Yes Mildred, MUVEs do pay their way …
Another take on the real value
of immersive technologies
Just what is the business value or ROI (Return on Investment) of using immersive technologies in the marketplace?
It’s not a question that would immediately spring to the mind of most educators and academics but the answer to it will determine just how great the success or otherwise of the burgeoning virtual world environment will be and whether it is a flash in the pan like Videotex and Betamax video cassette recorders or a platform for the future.
Two highly skilled credible researchers in the immersive field, Erica (right) and Sam Driver (lower right), of ThinkBalm, have just endeavoured to answer the question in a survey of 66 organisations, including Microsoft, IBM, BP, BAE, and government and non-government organisations, focusing on the value to businesses of adopting immersive internet technologies or virtual world environments.
Their detailed 36-page report, ‘Immersive Internet Business Value Study 2009’, should give heart to promoters of the value of immersive worlds – although the critics will again be dismissive. It is available here for free download.
They point out, however, that not everyone who’s been implementing immersive technology in the workplace can — or even expects to — quantify the business value of the investments they’ve made so far.
But, that said, various data points collected via survey and interviews indicated that investments in immersive technologies in the workplace are yielding value.
“As just one example, BP expects to deliver tens of millions USD in business value from its investments in immersive technology,” they said. “The company has already recouped the cost of many of the Immersive Internet investments it made in 2008 and 1Q 2009, according to Brian Ralphs, a director in the IT chief technology office.”
They found that more than 40 percent of those surveyed (26 of 66) saw a positive total economic benefit from investments in immersive technologies in 2008 and first quarter 2009, and more than 50 percent of respondents (34 of 65) expected to obtain a positive total economic benefit in 2009.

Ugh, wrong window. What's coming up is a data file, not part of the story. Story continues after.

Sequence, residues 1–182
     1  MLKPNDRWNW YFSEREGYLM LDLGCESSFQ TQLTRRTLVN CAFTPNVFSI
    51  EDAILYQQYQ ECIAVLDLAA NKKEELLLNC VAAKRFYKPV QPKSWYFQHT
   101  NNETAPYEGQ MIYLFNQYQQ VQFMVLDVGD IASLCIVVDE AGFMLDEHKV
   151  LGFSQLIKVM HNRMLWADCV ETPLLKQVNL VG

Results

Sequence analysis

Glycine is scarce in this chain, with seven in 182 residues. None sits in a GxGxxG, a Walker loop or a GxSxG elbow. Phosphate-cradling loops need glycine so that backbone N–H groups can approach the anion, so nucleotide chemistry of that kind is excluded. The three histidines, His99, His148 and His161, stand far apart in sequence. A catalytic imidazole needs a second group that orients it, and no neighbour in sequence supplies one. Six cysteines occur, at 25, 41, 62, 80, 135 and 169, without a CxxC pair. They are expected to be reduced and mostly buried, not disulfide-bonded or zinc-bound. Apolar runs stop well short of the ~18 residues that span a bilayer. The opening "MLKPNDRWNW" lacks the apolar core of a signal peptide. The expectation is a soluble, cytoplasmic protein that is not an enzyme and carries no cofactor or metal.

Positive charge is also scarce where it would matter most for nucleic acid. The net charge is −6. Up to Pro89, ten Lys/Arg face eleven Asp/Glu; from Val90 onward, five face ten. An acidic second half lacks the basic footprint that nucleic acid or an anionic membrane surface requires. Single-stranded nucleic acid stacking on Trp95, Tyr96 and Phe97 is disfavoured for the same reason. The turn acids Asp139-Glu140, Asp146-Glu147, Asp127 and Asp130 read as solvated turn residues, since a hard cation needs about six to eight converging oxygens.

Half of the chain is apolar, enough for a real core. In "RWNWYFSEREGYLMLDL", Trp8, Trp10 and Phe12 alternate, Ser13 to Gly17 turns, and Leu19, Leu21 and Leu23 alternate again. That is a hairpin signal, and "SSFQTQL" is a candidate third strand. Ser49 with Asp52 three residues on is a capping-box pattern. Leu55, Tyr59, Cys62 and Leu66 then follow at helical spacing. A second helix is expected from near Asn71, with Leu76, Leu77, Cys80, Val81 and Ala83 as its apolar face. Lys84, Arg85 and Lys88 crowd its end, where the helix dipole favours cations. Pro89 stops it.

“Quantification of this value was all over the map, ranging from less than US$10,000 to more than US$1 million,” they said. “The number of respondents who expect to obtain economic benefit of US$25,000 or more in 2009 is more than double the number who indicated they achieved this level for 2008 / 1Q 2009. “
On the other side of the coin they found though that many who had been implementing immersive technology in the workplace did not expect to achieve a return on their investment.
Other key findings included:
- 94 percent of those surveyed reported some level of success (” or feels like a success”).
- 74 percent said they would or might expand their investment this year or next while almost 30 percent of survey respondents (19 of 66) said their organisation recouped their investment in immersive technologies in less than nine months.
- Learning/training (80 percent, 53 of 66) and meetings (76 percent or 50 of 66) were the most prevalent uses.
- The top motivation for preferring immersive technology over alternatives were enabling people in disparate locations to spend time together, increased innovation, and cost savings or avoidance of costs.
- Biggest benefit – enabling people in disparate locations to spend time together, followed by opportunity to show innovation and cost saving
- Immersive technology won out over a variety of alternatives primarily due to low cost and the increased engagement it delivered. The level of engagement meant that “Immersive meetings are more like real meetings than they are like web conferences”. The leading alternatives were Web conferencing and in-person meetings, followed by phone calls.
- Work-related use of the Immersive Internet is in the early adopter phase. Before it can pass into the early majority phase, practitioners and the technology vendors who serve them must “cross the chasm.” The most common barriers to adoption are target users having inadequate hardware, corporate security restrictions, and getting users interested in the technology.
Erica Driver, a co-founder and principal at ThinkBalm, is a leading US industry analyst and consultant with 15 years of experience in the IT sector. She is quoted in mainstream and industry trade press including the Boston Globe, The Wall Street Journal, The New York Times, CIO, and Computerworld. The other co-founder, Sam Driver, is an inventor and entrepreneur whose take on the Immersive Internet is heavily influenced by science, game theory, and science fiction. At the University of Massachusetts Medical School, he was part of a team that discovered RNA interference (RNAi) which was awarded the 2006 Nobel Prize in Physiology and Medicine. He founded Qik Technology to develop intellectual property (IP) holdings in functional genomics as well as Evil Minions Games, an IP and product development company.